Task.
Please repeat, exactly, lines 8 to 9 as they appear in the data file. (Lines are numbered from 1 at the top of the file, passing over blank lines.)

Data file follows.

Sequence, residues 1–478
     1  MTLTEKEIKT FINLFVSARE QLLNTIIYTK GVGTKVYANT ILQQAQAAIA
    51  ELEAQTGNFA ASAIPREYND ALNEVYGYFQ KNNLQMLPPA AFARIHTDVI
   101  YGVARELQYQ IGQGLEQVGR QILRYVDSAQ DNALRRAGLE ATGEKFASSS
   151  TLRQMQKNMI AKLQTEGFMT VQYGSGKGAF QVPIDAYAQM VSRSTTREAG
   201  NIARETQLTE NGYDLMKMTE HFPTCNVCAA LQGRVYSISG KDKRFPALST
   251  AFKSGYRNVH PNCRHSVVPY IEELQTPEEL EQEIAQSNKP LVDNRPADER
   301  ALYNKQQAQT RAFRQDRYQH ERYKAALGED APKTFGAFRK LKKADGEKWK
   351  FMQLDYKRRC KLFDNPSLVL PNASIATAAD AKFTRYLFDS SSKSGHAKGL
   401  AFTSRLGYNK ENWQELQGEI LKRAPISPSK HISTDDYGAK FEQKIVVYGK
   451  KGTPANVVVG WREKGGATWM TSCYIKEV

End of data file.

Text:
   301  ALYNKQQAQT RAFRQDRYQH ERYKAALGED APKTFGAFRK LKKADGEKWK
   351  FMQLDYKRRC KLFDNPSLVL PNASIATAAD AKFTRYLFDS SSKSGHAKGL